babeltrace2-source.ctf.fs — Babeltrace 2's file system CTF source component class
A Babeltrace 2 source.ctf.fs message iterator reads one or more CTF 1.8 streams on the file system and emits corresponding messages.
CTF streams on the file system | | +---------------------+ | | src.ctf.fs | | | | '-->| ...5c847 | 0 | 0 @--> Stream 0 messages | ...5c847 | 0 | 1 @--> Stream 1 messages | ...5c847 | 0 | 2 @--> Stream 2 messages +---------------------+
See babeltrace2-intro(7) to learn more about the Babeltrace 2 project and its core concepts.
A source.ctf.fs component opens a single logical CTF trace. A logical CTF trace contains one or more physical CTF traces. A physical CTF trace on the file system is a directory which contains:
One metadata stream file named
One or more data stream files, that is, any file with a name that does not start with
.and which is not
Optional: One LTTng index directory named
If the logical CTF trace to handle contains more than one physical CTF trace, then all the physical CTF traces must have a trace UUID and all UUIDs must be the same. Opening more than one physical CTF trace to constitute a single logical CTF trace is needed to support LTTng’s tracing session rotation feature, for example (see lttng-rotate(1) starting from LTTng 2.11).
You specify which physical CTF traces to open and read with the
inputs array parameter. Each entry in this array is the path to a
physical CTF trace directory, that is, the directory directly containing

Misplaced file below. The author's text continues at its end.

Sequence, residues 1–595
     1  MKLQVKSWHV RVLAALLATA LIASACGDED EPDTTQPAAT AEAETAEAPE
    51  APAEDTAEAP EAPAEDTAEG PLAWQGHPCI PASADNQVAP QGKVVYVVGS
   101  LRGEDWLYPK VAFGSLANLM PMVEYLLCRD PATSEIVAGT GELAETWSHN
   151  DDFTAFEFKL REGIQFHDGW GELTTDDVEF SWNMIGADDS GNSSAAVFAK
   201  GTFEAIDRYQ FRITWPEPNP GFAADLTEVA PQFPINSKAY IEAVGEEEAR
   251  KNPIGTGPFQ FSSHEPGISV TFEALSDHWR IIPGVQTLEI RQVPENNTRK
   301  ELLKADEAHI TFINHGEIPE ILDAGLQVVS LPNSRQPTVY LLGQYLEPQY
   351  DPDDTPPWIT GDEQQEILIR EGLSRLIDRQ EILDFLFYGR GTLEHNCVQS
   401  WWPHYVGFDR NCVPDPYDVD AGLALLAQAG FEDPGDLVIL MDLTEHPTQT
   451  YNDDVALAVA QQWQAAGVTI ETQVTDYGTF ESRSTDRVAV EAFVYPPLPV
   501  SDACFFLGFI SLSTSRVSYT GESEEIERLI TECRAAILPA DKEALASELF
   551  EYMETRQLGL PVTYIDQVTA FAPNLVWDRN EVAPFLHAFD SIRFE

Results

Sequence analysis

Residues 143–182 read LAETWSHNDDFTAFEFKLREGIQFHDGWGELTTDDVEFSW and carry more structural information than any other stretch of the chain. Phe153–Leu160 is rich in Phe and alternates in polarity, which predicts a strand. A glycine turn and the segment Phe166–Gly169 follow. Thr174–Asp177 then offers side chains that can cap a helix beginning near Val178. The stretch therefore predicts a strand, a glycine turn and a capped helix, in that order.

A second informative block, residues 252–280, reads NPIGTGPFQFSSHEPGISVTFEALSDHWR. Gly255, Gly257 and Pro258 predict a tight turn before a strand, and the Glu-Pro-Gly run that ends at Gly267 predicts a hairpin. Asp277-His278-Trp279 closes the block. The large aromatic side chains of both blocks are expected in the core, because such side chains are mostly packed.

the stream files.
A source.ctf.fs component does not recurse into directories to
find CTF traces. However, the component class provides the
babeltrace.support-info query object which indicates whether or not a
given directory looks like a CTF trace directory (see
The component creates one output port for each logical CTF data stream. More than one physical CTF data stream file can support a single logical CTF data stream (LTTng’s trace file rotation and tracing session rotation can cause this).
If two or more data stream files contain the same packets, a source.ctf.fs message iterator reads each of them only once so that it never emits duplicated messages. This feature makes it possible, for example, to open overlapping LTTng snapshots with a single source.ctf.fs component and silently discard the duplicated packets.
Many tracers produce CTF traces. A source.ctf.fs component makes some effort to support as many CTF traces as possible, even those with malformed streams.
timestamp_endpacket context field class exists, but it is not mapped to a clock class, and there’s only one clock class at this point in the metadata stream, the component maps the field class to this unique clock class.
- All LTTng versions
The component sets the
monotonicclock class’s origin to the Unix epoch so that different LTTng traces are always correlatable.
This is the equivalent of setting the
force-clock-class-origin-unix-epochparameter to true.
For a given data stream, for all the contiguous last packets of which the